Flexi-schooling to be investigated by Aberdeenshire Council

The potential introduction of flexi-schooling in Aberdeenshire is to be debated by councillors this week.

Monday, 18th March 2019, 8:34 am
Updated Monday, 18th March 2019, 8:43 am
Councillor Alison Evison says flexi-schooling would allow parents to develop an individualised programme of education for their child

North Kincardine councillor Alison Evison formally sought a detailed analysis of flexi-schooling through the Member Promoted Issue (MPI) process.

The Scottish Labour councillor said that some parents had asked for the initiative to become an option in Aberdeenshire.

The authority’s Education and Children’s Service Committee will discuss a report from officers on Thursday next week.

In her MPI Councillor Evison states: “This would allow them (parents) to develop an individualised programme of education for their child in consultation with their local primary school and in the best interests of their child.”

She says that within the principles of GIRFEC – Getting It Right For Every Child – flexi-schooling would enable parents to opt for a “combination of provision”, which could involve a number of days each week in school and a day or two in alternative provision such as outdoor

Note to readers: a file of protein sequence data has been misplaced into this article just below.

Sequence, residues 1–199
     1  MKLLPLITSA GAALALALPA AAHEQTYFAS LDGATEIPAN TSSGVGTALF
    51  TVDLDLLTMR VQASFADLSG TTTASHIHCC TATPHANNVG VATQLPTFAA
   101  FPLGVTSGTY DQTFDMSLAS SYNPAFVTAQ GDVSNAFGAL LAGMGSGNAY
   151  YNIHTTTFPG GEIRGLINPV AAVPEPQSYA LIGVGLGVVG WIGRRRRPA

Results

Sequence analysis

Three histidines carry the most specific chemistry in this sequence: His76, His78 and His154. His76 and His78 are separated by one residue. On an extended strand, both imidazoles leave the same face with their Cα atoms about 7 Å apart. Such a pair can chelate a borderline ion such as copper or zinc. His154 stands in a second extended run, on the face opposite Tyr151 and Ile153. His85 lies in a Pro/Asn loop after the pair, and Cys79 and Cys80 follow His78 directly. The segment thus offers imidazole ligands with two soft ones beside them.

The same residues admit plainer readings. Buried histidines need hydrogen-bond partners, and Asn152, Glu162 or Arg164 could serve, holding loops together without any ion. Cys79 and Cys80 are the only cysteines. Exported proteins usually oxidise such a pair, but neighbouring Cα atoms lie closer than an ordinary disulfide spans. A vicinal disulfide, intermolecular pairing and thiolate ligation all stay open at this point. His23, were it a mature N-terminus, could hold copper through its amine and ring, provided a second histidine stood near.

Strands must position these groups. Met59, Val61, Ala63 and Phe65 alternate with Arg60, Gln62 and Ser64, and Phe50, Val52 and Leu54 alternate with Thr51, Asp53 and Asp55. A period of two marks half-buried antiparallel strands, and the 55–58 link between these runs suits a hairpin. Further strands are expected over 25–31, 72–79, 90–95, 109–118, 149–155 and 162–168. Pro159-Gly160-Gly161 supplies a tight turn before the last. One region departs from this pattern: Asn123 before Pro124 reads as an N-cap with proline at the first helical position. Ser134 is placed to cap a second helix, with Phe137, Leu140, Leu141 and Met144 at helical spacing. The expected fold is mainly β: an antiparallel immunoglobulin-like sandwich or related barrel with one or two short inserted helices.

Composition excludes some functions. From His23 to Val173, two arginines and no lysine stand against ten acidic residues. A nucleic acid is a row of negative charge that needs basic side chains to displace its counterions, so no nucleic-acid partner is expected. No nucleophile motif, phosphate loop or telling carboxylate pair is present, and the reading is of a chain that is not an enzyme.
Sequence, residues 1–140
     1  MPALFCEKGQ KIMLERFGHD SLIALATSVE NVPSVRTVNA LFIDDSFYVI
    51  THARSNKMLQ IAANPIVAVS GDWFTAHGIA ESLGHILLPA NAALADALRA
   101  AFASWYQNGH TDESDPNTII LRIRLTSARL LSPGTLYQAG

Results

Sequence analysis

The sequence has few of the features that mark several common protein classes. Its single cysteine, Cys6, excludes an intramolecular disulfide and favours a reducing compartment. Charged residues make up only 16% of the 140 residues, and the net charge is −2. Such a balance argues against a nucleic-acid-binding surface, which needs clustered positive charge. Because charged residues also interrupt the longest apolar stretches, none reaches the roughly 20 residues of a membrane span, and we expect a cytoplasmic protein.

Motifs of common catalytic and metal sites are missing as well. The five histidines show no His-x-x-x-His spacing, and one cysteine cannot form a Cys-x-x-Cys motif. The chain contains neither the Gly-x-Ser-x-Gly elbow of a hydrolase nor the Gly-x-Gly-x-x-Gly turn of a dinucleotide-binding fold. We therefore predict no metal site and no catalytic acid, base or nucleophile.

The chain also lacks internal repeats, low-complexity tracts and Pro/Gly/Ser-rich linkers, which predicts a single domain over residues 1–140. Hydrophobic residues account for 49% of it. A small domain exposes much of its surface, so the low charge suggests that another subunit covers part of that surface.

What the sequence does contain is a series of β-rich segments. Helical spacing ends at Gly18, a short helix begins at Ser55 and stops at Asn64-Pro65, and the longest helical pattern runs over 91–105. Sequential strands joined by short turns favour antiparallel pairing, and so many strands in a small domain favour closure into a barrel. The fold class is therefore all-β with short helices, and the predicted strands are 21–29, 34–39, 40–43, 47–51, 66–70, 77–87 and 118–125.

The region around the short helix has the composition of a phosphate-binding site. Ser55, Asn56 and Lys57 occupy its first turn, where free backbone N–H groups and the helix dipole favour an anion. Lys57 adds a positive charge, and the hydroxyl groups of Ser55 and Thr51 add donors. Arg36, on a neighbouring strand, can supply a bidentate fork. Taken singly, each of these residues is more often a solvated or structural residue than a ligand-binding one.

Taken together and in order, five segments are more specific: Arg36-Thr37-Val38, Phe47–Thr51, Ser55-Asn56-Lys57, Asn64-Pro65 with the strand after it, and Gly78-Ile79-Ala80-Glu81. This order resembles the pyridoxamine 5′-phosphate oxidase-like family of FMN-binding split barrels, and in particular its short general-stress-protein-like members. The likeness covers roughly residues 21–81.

learning or in home schooling.

She says: “This option would be a radical departure from current practice, but it is one which merits proper analysis and reasoned consideration of both the potential benefits and disadvantages.”

Councillors will be told by officers that there is “limited evidence” of a clear and definitive definition of what is understood by flexi-schooling.

Perceived advantages include the freedom of parents to spend more time with their children and providing children with an the opportunity to learn more in-depth than they might at school, with more out-of-school trips and individual adult attention.

However, among the disadvantages would be that some children who attend school on a full-time might “resent” the fact that their peers do not have to attend five days a week, and get to participate in other activities such as museum and zoo outings while they are in the classroom.

Officers say it may also become harder for flexi-schooled children to re-adjust to school and it could have an affect on the child’s attainment especially if they are not taught in the same way that the school teaches in preparation for assessments/exams.